In a win for patients and physicians who warned that uninsured and underinsured rates would soar, a federal court has halted the government’s plan to expand association health plans (AHPs).
The Litigation Center of the American Medical Association and State Medical Societies, along with the Medical Society of the State of New York, late last year filed an amicus brief in a case challenging the U.S. Department of Labor’s rule that would make it easier to form AHPs.
They told the court that AHPs would undermine the Affordable Care Act (ACA) by enabling discrimination against patients with pre-existing conditions, destabilizing insurance markets, and making it likelier that patients would encounter fraudulent policies.
In rejecting AHP expansion, the U.S. District Court for the District of Columbia’s ruling said the Trump administration rule was “clearly an end-run around” of standards Congress established under the ACA. Eleven states and the District of Columbia challenged the rule, saying it was illegal and that it would cause them economic harm.
“Indeed, as the president directed, and the Secretary of Labor confirmed, the final rule was designed to expand access to AHPs in order to avoid the most stringent requirements of the ACA,” the court said in its opinion in State of New York v. U.S. Department of Labor. The court went on to say the Labor Department’s explanation of how the rule works under the ACA “relies on a tortured reading of the ACA’s statutory text that undermines the market structure that Congress so carefully crafted."
Watered-down insurance averted
As the AMA Litigation Center noted in its brief, the rule change would have meant AHPs wouldn’t have to comply with ACA protections that ensure health plans provide minimum essential health benefits, including maternity care, prescription medication and mental health and substance-use disorder services. For example, before the ACA, 75% of nongroup health plans failed to cover delivery and inpatient maternity care; 38% didn’t cover mental health services.
The AHP expansion also would have allowed companies to offer insurance policies that didn’t have to abide by protections against annual and lifetime limits and out-of-pocket expenses. And it would have allowed people to sell phony health insurance, the AMA Litigation Center brief says, noting a 2004 Congressional report showing that more than 200,000 policyholders ended up with fraudulent AHPs. That created more than $252 million in unpaid medical bills between 2000 and 2002.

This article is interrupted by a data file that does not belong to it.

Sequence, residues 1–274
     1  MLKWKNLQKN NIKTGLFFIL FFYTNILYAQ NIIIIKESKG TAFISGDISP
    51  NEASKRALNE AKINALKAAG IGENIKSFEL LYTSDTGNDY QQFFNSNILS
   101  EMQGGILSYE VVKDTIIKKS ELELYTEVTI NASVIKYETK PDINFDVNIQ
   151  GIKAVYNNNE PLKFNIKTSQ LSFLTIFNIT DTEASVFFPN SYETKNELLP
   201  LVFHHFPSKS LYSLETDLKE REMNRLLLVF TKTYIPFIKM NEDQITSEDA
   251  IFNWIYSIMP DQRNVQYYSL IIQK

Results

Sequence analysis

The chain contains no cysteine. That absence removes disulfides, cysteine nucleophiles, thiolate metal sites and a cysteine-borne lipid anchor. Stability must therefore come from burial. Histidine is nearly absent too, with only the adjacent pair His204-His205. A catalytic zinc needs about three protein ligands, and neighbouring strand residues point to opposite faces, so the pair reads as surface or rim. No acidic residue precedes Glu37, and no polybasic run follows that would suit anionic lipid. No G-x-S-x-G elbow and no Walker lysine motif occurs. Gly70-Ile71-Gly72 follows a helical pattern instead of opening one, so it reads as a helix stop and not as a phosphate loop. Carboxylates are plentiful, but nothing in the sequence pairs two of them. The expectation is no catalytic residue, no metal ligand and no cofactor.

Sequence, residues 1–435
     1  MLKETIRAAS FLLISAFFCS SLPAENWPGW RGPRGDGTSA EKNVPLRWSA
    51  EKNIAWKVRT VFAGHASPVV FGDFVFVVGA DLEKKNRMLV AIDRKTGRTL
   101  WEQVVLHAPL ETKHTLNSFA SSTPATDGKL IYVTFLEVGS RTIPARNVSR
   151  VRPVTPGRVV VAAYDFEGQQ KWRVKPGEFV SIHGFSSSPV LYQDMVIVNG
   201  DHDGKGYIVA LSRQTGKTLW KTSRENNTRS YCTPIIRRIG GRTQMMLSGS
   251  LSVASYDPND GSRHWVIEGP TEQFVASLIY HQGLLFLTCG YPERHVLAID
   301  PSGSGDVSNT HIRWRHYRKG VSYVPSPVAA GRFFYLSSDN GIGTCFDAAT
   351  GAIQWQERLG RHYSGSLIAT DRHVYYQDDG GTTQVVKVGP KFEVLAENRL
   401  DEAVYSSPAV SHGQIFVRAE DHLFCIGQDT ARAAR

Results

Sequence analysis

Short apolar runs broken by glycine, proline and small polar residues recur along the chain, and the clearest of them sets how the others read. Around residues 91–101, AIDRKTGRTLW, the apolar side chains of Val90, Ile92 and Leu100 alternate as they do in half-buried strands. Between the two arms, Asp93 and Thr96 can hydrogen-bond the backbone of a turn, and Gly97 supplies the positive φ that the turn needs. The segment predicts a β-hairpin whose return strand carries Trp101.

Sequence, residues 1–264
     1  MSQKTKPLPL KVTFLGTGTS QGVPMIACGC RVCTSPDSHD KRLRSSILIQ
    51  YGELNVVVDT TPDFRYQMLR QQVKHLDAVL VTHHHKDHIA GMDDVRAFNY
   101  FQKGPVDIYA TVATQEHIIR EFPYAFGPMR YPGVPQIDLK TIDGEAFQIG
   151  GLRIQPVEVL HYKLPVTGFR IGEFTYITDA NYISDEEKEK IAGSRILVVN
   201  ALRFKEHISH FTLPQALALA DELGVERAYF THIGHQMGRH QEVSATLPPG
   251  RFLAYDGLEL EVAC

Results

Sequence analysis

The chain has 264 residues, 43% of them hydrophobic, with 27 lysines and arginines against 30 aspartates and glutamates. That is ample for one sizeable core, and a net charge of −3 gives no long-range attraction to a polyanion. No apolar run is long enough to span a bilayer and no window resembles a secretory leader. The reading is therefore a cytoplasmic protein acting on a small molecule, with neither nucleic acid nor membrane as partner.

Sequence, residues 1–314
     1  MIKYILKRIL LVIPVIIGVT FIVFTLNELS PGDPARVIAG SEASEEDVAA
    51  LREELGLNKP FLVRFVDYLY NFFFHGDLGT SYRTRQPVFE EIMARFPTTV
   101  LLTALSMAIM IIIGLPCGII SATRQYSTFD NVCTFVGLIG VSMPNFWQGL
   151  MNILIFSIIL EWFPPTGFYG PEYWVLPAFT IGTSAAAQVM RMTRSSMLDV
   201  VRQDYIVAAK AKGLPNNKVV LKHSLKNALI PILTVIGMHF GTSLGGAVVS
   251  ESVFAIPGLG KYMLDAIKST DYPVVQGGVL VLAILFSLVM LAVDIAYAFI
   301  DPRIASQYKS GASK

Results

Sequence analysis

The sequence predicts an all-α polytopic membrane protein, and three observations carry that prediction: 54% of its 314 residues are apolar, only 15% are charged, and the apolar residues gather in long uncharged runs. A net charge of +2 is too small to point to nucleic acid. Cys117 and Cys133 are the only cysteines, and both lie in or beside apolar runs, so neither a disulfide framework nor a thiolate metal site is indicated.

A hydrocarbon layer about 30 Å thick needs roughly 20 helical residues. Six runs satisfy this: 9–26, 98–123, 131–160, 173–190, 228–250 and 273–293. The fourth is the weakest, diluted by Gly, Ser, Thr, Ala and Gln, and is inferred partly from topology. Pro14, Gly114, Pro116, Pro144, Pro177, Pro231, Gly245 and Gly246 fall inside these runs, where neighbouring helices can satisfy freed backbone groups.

The AMA strongly objected to the rule on AHPs when it was proposed and has long advocated for health insurance coverage for all Americans, as well as pluralism, freedom of choice, freedom of practice and universal access for patients.
Learn more about the AMA vision on health care reform.
Where the Labor Department got it went wrong
In denying the Trump administration from going forward with the rule, the court looked how the Labor Department rule fit into traditional definitions under the Employee Retirement Income Security Act of 1974 (ERISA), which governs employee benefit plans arising from employment relationships.
The court said the new rule adopted the same three overall criteria—purpose, commonality of interest and control—that the Labor Department has used in the past to determine which organizations were “bona fide associations” that met stringent criteria to qualify as a single ERISA employee benefit plan that could sponsor an AHP.
However, the court said, the rule “departs significantly” from the way the Labor Department has traditionally looked at the underlying guidance on how to determine whether the overall criteria were being met. The court said the new rule set the bar too low.
The district court also said the rule’s attempt to allow two working owners without employees to qualify as both and employer and employee under the ACA was clever, but also a “magic trick” that wasn’t persuasive.
The Labor Department “unreasonably expands the definition of employers’ to include groups without any real commonality of interest and to bring working owners without employees within ERISA’s scope despite Congress’s clear intent that ERISA cover benefits arising out of employment relationships,” the court said. “Accordingly, these provisions are unlawful and must be set aside.”
The Labor Department is considering whether to appeal the ruling, according to news reports.